Writing On The Wall is the latest ‘history’ book penned by the digital editor of The Economist and Editor-In-Chief of its website, Tom Standage. It’s subtitle ‘Social media – The first 2,000 years’ accurately encapsulates the books key theme, that being that contrary to popular belief social media is nothing new, it has been around for millennia and only the delivery method has changed.
Throughout the book Standage uses examples from the past to justify his seemingly bold assertion, including to name but one, the invention of the printing press and its role in the rise of Lutheranism. If you had merely glanced over its pages you could be forgiven for thinking the book was simply discussing modern day case studies with mentions of disruptive communications, reposting, sharing and peer-to-peer networks, but you’d be wrong; these terms directly apply to the detailed historical accounts the author uses to illustrate his point.
“Luther had unwittingly revealed the power of a decentralised, person-to-person media system whose participants took care of distribution, deciding collectively which messages to amplify through sharing, recommendation, and copying.”
Standage takes the reader through the ages in chronological order, beginning with Cicero and ancient Rome right through to the modern era of digital media, though he does note that ‘social networking’ itself is much older – citing the growth of the neocortex and grooming behaviours of primates as an early example.
His book is particularly good as explaining the role social webs and word-of-mouth networks play in major social change, for example the rise of the coffee house and its transformation into the London Stock Exchange and the impact of steam presses and electric telegraphs on print journalism.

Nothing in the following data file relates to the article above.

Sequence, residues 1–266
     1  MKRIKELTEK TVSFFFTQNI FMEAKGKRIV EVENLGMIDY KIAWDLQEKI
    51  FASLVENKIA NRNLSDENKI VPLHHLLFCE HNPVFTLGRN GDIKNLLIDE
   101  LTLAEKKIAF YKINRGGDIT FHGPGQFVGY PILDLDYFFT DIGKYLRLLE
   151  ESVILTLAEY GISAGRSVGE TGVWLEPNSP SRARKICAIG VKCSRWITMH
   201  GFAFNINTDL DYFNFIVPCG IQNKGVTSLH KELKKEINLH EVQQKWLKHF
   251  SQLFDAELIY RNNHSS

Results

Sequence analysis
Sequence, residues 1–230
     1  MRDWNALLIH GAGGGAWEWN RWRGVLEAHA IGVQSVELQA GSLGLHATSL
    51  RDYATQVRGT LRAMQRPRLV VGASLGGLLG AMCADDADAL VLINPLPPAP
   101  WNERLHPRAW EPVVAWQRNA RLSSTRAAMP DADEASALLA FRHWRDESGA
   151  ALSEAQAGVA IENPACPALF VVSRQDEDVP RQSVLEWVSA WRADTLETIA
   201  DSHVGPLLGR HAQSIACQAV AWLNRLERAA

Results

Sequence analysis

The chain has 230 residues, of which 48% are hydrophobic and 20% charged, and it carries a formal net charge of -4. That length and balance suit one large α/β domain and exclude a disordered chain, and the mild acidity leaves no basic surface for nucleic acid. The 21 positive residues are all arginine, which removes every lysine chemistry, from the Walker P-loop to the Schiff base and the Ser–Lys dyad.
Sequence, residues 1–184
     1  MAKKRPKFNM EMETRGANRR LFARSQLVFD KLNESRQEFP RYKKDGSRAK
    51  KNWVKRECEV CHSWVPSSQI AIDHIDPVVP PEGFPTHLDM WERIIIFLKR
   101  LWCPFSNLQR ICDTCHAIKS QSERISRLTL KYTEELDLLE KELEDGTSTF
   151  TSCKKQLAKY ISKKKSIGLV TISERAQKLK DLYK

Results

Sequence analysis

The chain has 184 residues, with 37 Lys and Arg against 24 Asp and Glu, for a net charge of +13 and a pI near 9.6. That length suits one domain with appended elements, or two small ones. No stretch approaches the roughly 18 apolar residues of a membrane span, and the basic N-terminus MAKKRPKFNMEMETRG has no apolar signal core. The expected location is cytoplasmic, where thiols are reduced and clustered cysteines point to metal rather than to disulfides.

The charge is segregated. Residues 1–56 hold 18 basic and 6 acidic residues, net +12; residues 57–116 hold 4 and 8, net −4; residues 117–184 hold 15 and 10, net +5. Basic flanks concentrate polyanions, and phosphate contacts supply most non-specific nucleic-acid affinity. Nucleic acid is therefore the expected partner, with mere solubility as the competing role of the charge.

Standage is a well-respected journalist and author and this most recent text – much like his last five – is both thorough in its analysis and engaging to the reader. By shedding light on how these communications systems were developed, the reasoning behind them and how they were used brings fresh perspective on new social channels like Facebook and Twitter.
By understanding the underlying principles of social engagement, how networks can be used to affect change and why these specific examples have had such a profound effect on the world around them is an extremely useful thing to have at ones disposal. Many business people (particular those in the USA) read tomes like Sun Tzu’s The Art Of War to acquaint themselves with the finer points of strategy. And while I don’t anticipate Writing On The Wall to have such longevity or popularity, those that take the time to read it will certainly reap the rewards when planning and strategising future social campaigns.
There are only two criticisms I judge to be worth mentioning, both of which are very minor; it isn’t the easiest of books to read – that’s not necessarily a bad thing, but it’s not something you can pick up, put down or glance over casually while having a conversation – if you’re going read it (and get any benefit from it) you do need to make the time to read it properly. The second minor point is for those who are already familiar with their social history some of the examples can be quite laboured. Clearly the book is written in such a way that it can be read without any prior knowledge, however some of the accounts are in danger of being too detailed –providing context for contexts sake.
I would highly recommend this book to anybody interested in the social sciences or landscape, but particularly those that work in public relations and communications roles. You’d struggle not to draw inspiration and ideas from this fascinating read.
I’ll close as the author opened, with a quote from Cicero:
“Not to know what has been transacted in former times is to be always a child. If no use is made of the labours of past ages, the world must remain always in the infancy of knowledge.”